5 Orlando Magic things to know from the FIBA World Cup’s first round

Paolo Banchero turned in a solid run as Team USA's backup center as the tournament moves to the second round. (Photo by Ariana Saigh/Getty Images)
Paolo Banchero turned in a solid run as Team USA's backup center as the tournament moves to the second round. (Photo by Ariana Saigh/Getty Images) /
2 of 6
Paolo Banchero, Orlando Magic
Paolo Banchero finally had an offensive outburst, leading the U.S. to a win over New Zealand. (Photo by Ezra Acayan/Getty Images) /

5 things to know after the Orlando Magic’s FIBA World Cup first round

Paolo Banchero is making gains defensively

Everyone knew when Paolo Banchero signed up to play for Team USA that he would be asked to do something different. He was not going to be the team’s primary scorer. The question for everyone was: How would he carve out his role? What would he learn in the process?

If anything, Banchero’s offense has taken a back seat and has been slower to develop during his run with the national team. He has been focused intently on his defense and trying to be engaged on that end. He has been a surprising shot blocker too with four blocks in his first game against New Zealand.

Banchero has quietly become a decent defender for Team USA. He has at least done everything coach Steve Kerr has asked him to do. And now he is one of the first guys off the bench for a second unit that tends to expand leads.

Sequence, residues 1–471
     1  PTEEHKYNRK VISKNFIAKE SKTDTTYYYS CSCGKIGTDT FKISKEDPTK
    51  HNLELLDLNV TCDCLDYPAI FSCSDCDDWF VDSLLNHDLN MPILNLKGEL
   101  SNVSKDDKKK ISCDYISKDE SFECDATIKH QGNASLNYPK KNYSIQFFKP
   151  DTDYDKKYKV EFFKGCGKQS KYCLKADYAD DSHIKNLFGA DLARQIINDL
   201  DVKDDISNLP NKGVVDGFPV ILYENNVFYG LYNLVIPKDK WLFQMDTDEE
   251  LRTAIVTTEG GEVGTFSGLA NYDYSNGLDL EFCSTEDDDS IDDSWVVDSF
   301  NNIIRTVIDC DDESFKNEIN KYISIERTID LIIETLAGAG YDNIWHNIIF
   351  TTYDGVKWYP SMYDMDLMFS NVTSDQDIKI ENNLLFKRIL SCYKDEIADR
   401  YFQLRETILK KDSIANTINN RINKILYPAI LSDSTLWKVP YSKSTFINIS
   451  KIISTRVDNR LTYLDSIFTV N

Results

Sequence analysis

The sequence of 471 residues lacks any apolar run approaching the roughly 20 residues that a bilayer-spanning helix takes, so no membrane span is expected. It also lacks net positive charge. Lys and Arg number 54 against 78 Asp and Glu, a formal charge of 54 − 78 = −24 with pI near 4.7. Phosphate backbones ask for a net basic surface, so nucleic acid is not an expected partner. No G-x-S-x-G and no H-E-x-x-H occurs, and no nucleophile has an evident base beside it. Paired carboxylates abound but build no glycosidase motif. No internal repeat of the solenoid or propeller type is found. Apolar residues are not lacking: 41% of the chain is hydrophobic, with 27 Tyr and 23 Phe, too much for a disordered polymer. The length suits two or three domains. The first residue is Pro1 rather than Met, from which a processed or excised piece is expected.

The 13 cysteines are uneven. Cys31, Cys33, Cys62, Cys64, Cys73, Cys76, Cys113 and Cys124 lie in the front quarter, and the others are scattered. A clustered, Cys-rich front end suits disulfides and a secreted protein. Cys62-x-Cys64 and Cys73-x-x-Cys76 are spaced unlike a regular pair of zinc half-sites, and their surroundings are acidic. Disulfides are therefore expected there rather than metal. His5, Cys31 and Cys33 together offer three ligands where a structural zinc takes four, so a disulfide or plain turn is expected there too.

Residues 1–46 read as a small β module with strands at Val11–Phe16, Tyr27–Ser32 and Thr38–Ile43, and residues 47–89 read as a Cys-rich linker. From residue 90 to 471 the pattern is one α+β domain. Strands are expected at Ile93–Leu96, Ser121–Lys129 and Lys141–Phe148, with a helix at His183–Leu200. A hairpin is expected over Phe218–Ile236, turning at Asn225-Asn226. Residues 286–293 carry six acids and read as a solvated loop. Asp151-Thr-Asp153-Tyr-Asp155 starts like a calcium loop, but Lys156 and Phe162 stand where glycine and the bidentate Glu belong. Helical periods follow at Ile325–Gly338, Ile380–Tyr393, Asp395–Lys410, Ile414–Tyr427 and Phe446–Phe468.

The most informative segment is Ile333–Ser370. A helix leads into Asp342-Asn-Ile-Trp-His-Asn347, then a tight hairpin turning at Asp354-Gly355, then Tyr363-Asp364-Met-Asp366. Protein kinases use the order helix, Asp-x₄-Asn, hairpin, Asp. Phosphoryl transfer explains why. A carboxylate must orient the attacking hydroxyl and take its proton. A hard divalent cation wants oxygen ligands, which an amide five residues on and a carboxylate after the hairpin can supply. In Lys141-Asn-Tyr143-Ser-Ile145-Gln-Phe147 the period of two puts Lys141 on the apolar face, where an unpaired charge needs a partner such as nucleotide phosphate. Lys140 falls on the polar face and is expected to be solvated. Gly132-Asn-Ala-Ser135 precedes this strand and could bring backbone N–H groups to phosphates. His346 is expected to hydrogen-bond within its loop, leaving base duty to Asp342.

Banchero’s defense is quite a surprise. The Magic had a 115.3 defensive rating with Banchero on the floor last year. He was as bad defensively as you expect a rookie to be.

He showed some signs of improvement throughout the year. And there are at least a few things he could build upon as he got more comfortable.

Banchero though is not going to be known for his defense. The Magic drafted him knowing he might have some defensive questions to answer. And those questions still need some answering at the NBA level.

But with so much of his focus on improving his defense, Banchero has shined. It is not just the blocks that deserve highlight-reel notoriety, he is in his spots better and holding his ground within the switching schemes and against bigger players.

It will be interesting to see how much the U.S. uses him in the next two games going up against Nikola Vucevic and Montenegro and Jonas Valanciunas and Lithuania. But Banchero has established himself as a part of this group and key part with his ball-handling at his size.

Offensively, Banchero has been a foul machine, averaging 5.7 attempts per game in 16.1 minutes per game. He is struggling to shoot — 64.7 percent from the line and 63.2 percent from the floor overall mostly on dunks and shots around the basket. He is averaging 12.3 points per game (37 points with 21 coming in that first game against New Zealand).

But all of that will return when the ball is in his hands more. He is looking comfortable and confident and getting a lot out of the experience.